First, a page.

By comparison, the last time the FBI pulled a "sting" of this kind -- a mock fencing operation here in Washington -- it was the most celebrated law-enforcement effort since Dillinger was tracked down and shot in Chicago. The Law Enforcement Assistance Administration was praised for funding it. Hollywood bought the movie rights. Yet when the same operation snares a few members of Congress, it is said that the Constitution is in jeopardy. What is the essential difference? An obvious one is that "street dudes" are black, poor and sell stolen TV sets, while congressmen are white, privileged and sell protection (perhaps to the same people trying to fence the TV sets?).

Whether the Bill of Rights has been abused here is a critically important question, but it cannot be answered on the basis of leaks, and leaks amplified by comment on leaks.

It would be too simplistic and conspiratorial to suggest that organized crime has finally learned how to use public opinion to stop an effective Justice Department effort. At the same time, it would be a shame if premature criticism, resulting primarily from learned responses to past events, had the unintended effect of dulling a sound law-enforcement mission.

Asking for some forebearance of criticism here is not the same as saying that no mistakes were made. On the whole, however, Abscam (as well as Brilab and Miporn, the FBI's large pornography sting) indicates that the bureau is practicing what everyone has been preaching at it to do for years: stop spying on domestic political groups, stop making "easy" cases that produce good statistics and start cracking down harder on serious white-collar crime.

Indeed, had the bureau not followed up the leads to public officials, one can imagine the holocaust of criticism that would have erupted. Headlines conjure irresistibly in the mind's eye: "Confidential Memo Shows FBI Refused to Pursue Clear Evidence of Official Corruption" and "Fear of Investigating Democratic Congressmen in Election Year Raises Questions of Administration Cover-Up." And of course, "Why Did the FBI Fail to Follow Clear Links Between Organized Crime and Political Officeholders, Unless the FBI Itself Is . . . ?"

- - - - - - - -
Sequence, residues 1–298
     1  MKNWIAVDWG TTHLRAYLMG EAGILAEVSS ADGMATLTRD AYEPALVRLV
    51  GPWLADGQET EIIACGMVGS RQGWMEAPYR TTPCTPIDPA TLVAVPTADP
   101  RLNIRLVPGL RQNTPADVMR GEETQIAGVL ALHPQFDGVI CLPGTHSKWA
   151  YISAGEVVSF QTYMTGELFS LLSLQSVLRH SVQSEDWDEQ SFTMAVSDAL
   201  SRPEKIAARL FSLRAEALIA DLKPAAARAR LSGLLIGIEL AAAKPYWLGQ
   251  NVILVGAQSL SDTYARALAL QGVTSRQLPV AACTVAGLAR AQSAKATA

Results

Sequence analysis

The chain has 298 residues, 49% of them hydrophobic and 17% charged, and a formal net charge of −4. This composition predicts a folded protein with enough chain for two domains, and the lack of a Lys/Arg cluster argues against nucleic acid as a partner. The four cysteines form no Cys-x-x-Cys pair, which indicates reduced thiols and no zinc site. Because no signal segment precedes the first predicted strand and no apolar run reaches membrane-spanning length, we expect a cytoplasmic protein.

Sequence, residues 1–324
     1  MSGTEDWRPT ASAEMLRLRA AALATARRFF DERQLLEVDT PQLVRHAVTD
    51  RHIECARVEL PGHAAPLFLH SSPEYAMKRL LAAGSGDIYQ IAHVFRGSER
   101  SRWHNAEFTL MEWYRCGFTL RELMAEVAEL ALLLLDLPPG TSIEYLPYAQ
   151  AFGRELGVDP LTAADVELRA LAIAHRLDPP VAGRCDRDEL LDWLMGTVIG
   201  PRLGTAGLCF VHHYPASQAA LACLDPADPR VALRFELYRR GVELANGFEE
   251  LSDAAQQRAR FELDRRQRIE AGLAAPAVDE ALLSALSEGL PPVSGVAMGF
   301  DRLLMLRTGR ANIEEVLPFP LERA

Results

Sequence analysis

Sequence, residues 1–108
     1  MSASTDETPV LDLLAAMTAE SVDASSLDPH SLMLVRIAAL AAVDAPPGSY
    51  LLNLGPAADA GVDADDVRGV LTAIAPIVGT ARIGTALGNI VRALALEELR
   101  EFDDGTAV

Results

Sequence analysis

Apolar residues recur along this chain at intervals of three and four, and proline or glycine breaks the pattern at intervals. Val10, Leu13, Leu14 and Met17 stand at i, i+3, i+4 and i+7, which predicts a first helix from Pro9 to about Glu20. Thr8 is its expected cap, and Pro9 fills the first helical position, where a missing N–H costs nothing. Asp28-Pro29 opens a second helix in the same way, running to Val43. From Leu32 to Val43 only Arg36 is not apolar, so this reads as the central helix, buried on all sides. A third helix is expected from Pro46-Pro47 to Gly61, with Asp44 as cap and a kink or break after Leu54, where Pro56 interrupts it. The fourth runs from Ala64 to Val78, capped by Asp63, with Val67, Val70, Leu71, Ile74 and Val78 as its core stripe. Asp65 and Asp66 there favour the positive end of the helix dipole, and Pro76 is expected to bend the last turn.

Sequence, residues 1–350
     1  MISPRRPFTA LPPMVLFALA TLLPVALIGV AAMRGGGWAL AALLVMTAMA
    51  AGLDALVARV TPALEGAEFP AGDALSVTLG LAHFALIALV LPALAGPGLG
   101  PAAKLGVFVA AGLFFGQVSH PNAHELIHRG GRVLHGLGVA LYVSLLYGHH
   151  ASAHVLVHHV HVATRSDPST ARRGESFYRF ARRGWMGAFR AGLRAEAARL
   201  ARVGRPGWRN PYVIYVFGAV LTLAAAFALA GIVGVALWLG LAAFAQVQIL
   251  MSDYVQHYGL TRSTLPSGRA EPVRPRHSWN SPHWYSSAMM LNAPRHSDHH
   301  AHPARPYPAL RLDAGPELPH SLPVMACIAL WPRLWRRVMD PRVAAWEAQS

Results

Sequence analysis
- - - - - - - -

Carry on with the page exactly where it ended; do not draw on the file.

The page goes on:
Leaks of the operation are the most damaging aspect of this whole affair. Should it turn out that the government deliberately leaked or countenanced a leak, there is no question that the consequences should be severe. Now that leaks have occurred, however, it is in everybody's interest, including those who are publicly accused, to see the investigation go forward to indictment or exoneration as quietly and quickly as possible.

In helping to achieve that objective, it is being too critical to remind ourselves that a "leaker" cannot exist without a "leakee"? Isn't it a little ironic for one hand of the press to condemn so quickly what the other hand solicits, presses for and publishes? While the press must always be vigorous in disclosing what it knows about public dishonesty, it has some choices on the timing of disclosure, as we learned recently from its wise decision to refrain from prematurely disclosing the leak that Americans were hiding in the Canadian Embassy in Tehran.

In short, all of us, including those of us who feel a special concern about individual liberty, ought to stop firing in all directions at the first sign of old ghosts. If the FBI really has returned to the bad old days, there will be adequate opportunity to deal with it. In the meantime, the bureau ought to get at least as much justice as Judge Roy Bean gave train robbers and rustlers. To hang it without even trying it, particularly in the name of protecting civil liberties, serves no legitimate principles or cause.